Please allow me to suggest a couple of remedies. In my 10 years as a corporate writing coach, I've seen hundreds of people get unstuck using these approaches.
1. List questions from the audience's perspective.
2. List your ideas as fragments rather than full sentences.
Why list questions?
Writer's block often comes from failing to adequately "pre-write"-that is, to think critically and do research before settling in to begin composing. If you pause to imagine yourself in your audience's shoes and think from their perspective about your topic, it can be helpful to simply list questions that you think the audience might ask. This can jump-start an effective pre-writing effort that, once initiated, is likely to flow readily and will feel to you like intuition.
It could be that you have writer's block simply because you weren't ready to begin.
Why write fragments?
Another common reason for writer's block is self-censoring too early in your writing process. Have you ever typed eight words across the page, then backspaced to delete three of them, typed two more, then backspaced over five, and so on? You can work for a half-hour like this and end up with a grand total of four words on the page.
We've all been there at some time or another, right?
Worse still, you might sit there just staring, unable to compose a first sentence while your mind races, unproductively creating and rejecting possibilities in rapid succession.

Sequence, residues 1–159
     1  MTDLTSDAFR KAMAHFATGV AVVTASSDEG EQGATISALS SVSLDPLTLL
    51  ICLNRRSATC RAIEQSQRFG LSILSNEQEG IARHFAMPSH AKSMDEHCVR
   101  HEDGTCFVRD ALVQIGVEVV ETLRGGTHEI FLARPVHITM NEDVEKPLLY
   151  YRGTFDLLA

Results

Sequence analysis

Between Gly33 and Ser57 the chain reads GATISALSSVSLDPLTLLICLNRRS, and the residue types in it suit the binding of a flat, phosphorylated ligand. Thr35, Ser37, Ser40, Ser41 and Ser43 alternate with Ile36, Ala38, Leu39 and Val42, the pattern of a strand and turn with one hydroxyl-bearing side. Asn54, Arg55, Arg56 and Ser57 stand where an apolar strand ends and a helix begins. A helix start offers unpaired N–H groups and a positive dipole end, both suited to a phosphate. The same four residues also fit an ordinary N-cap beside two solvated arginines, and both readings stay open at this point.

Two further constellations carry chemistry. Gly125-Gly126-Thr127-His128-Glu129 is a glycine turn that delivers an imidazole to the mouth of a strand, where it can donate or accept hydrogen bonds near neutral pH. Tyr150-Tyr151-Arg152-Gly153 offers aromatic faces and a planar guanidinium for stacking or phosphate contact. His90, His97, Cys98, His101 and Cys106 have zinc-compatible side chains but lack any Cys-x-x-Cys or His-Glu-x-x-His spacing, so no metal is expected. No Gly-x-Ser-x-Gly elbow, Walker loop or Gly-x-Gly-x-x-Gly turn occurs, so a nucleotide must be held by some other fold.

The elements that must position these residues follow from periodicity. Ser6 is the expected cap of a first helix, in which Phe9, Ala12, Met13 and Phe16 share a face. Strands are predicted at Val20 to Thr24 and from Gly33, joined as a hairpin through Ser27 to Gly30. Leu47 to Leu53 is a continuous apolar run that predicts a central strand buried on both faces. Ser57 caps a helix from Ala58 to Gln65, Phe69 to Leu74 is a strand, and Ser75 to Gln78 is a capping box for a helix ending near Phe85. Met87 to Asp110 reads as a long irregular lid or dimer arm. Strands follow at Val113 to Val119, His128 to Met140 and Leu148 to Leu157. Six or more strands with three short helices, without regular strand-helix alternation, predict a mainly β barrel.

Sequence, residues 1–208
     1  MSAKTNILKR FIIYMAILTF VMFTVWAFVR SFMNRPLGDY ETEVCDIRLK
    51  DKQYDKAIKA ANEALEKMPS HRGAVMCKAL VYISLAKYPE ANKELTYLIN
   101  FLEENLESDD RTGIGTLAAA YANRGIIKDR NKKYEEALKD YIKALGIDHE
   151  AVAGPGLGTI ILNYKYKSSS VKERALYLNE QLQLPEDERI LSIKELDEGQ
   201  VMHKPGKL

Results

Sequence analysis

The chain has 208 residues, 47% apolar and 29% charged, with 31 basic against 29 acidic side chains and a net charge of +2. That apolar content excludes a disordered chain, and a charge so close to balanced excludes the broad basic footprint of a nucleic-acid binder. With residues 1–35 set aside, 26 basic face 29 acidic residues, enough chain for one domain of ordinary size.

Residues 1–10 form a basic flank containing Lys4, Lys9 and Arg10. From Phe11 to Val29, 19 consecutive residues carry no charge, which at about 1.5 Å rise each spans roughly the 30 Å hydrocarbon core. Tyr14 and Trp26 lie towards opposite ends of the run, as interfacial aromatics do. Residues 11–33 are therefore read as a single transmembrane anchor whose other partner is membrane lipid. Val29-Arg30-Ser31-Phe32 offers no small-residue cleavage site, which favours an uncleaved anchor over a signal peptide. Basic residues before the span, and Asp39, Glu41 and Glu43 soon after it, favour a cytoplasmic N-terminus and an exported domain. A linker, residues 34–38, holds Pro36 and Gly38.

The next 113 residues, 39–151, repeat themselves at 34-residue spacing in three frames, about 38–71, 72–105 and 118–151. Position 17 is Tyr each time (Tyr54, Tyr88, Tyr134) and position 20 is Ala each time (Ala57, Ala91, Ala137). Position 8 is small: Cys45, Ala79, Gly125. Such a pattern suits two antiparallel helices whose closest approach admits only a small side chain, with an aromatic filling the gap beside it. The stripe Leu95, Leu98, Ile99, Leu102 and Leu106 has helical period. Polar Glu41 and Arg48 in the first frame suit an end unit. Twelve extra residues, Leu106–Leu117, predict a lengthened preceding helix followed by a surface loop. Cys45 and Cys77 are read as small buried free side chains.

In these cases, try writing in fragments instead of sentences. This will release your over-active censor. Misspelled word? Fine. Wrong tone? No problem. Incomplete thought? All these are OK when listing your ideas as fragments.
When bad is, in fact, good
No need to make a pretty sentence—yet. It's too early for that. You should be in "free-writing" mode, not "re-writing" mode. Free-writing means slapping it all down without finessing the details. In this phase, you have permission to write what I delicately spell in make-believe French"crappe." Let me say it again: You have permission to write "crappe." (Wink, wink.)
The act of listing your ideas as fragments breaks the unhelpful brainwave pattern that comes with editing/censoring/rewriting. Instead, you'll slip without noticing into a different brainwave pattern conducive to creating rather than polishing. As with Remedy No. 1 above, you'll find yourself in the flow and enjoying a feeling of writing intuitively.
Using these tips is like diving into the water. Once you rise and break the surface with either of these deliberate acts, you will find your natural buoyancy and enjoy new momentum and freedom.
If you want examples, check out this related post.
A former Associated Press news reporter, Lauren Edwards has been customizing writing workshops for PR professionals and engineers at companies including Intel, Yahoo, and Google for 10 years. This article first appeared on Content Creation & More.